o 36× 750 lb CBU class bombs on BRA
o 16× 2000 lb class weapons (Mk-84, JDAM-84, JDAM-102) mounted on Rotary Launcher Assembly (RLA)
o 16× B61 or B83 nuclear weapons on RLA

Later avionics and equipment improvements allow B-2A to carry JSOW and GBU-28s as well. The Spirit is also designated as a delivery aircraft for the AGM-158 JASSM when the missile enters service.

Additional names

* The Spirit of Mississippi was known as the "Black Widow" before her commissioning ceremony.
* The Spirit of Ohio has been known as "Fire and Ice" as a result of 100 hours of hot and cold testing performed upon it at the McKinley Climate Laboratory at Eglin AFB, Florida, during which it experienced temperatures of between 45 and 120 degrees Fahrenheit.
* The Spirit of New York has been alternately called "Navigator", "Ghost" and "Afternoon Delight!". It is the only B-2 which is located at Edwards AFB.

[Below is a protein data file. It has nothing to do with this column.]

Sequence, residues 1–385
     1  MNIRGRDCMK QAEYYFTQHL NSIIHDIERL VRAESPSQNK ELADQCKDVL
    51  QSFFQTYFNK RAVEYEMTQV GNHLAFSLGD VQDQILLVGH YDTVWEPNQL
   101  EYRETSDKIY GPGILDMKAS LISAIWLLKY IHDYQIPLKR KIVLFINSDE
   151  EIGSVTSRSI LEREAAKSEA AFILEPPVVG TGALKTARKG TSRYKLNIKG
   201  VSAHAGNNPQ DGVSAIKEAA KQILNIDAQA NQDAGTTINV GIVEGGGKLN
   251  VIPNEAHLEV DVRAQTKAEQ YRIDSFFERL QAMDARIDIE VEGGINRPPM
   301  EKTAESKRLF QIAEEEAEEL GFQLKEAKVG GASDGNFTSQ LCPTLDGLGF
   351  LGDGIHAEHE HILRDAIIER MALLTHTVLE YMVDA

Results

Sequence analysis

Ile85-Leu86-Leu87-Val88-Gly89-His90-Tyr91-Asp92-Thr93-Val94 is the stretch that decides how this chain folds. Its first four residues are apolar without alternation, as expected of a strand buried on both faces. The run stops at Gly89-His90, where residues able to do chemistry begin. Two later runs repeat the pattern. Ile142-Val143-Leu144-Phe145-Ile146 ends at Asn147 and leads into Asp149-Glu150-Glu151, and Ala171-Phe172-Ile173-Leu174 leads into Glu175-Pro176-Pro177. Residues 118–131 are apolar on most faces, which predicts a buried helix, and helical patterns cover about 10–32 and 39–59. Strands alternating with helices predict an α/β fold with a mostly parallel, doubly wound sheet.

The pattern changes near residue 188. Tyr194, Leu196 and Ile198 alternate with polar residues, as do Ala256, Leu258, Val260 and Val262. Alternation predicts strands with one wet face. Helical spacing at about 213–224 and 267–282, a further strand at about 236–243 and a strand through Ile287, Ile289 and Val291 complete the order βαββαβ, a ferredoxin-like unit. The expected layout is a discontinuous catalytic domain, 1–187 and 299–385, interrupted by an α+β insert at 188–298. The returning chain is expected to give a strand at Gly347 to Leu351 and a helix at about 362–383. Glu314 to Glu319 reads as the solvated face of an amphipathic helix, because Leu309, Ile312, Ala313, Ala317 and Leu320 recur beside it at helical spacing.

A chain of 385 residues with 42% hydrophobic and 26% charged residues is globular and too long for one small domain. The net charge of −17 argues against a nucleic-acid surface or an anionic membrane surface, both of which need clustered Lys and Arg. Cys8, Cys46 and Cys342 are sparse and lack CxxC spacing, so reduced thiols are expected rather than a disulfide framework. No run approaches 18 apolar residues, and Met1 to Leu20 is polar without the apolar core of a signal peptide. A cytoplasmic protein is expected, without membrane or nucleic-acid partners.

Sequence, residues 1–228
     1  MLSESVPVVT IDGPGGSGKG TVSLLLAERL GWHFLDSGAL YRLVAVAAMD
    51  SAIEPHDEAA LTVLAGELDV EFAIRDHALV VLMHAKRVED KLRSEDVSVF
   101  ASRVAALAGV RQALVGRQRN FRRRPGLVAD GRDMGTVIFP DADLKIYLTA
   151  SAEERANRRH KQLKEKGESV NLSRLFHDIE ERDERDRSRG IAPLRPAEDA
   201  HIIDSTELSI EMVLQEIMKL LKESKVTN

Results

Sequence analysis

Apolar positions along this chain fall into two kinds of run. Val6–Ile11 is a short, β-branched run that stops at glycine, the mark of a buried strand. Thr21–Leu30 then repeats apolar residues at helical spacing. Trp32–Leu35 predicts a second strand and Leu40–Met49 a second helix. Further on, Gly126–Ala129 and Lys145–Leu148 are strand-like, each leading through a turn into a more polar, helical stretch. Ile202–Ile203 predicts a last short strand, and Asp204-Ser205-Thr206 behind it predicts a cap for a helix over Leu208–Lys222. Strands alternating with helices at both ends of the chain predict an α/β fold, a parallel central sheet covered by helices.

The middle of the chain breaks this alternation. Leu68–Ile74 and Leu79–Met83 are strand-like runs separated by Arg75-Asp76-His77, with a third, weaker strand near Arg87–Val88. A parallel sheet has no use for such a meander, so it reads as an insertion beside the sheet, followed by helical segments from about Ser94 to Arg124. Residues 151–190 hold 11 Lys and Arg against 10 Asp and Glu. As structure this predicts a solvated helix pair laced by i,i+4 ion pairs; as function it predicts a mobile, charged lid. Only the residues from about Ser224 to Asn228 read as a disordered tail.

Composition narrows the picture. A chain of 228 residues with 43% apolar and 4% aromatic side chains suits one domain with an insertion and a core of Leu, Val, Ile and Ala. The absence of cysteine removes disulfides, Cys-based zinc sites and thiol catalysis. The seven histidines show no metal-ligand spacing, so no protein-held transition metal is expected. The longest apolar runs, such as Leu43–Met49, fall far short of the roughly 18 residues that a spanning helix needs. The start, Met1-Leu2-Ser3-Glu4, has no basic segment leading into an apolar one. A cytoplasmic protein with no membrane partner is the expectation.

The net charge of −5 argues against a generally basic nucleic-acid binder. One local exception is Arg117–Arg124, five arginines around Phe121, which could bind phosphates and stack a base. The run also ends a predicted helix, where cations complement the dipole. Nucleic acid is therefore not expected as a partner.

* The Spirit of Texas is also known as "Pirate Ship".
* The Spirit of America is also known as "Fatal Beauty".

More photos:

B-2 Spirit Stealth Bomber: A stealth B-2 Spirit comes in for a landing at Le Bourget Airport during a flight demonstration at the 41st Paris Air Show. The Spirit is attached to the 509th Bomb Wing, Whiteman Air Force Base, Montana.B-2 Spirit Stealth Bomber: A stealth B-2 Spirit comes in for a landing at Le Bourget Airport during a flight demonstration at the 41st Paris Air Show. The Spirit is attached to the 509th Bomb Wing, Whiteman Air Force Base, Montana.

B-2 Spirit Stealth Bomber: A close up view of a US Air Force B-2 Spirit Bomber from 509th Bomb Wing, Whiteman AFB, MO being refueled by the boom and refueling arm of a KC-10 Extender aircraft. The image was taken from the Boom Operator's position.B-2 Spirit Stealth Bomber: A close up view of a US Air Force B-2 Spirit Bomber from 509th Bomb Wing, Whiteman AFB, MO being refueled by the boom and refueling arm of a KC-10 Extender aircraft. The image was taken from the Boom Operator's position.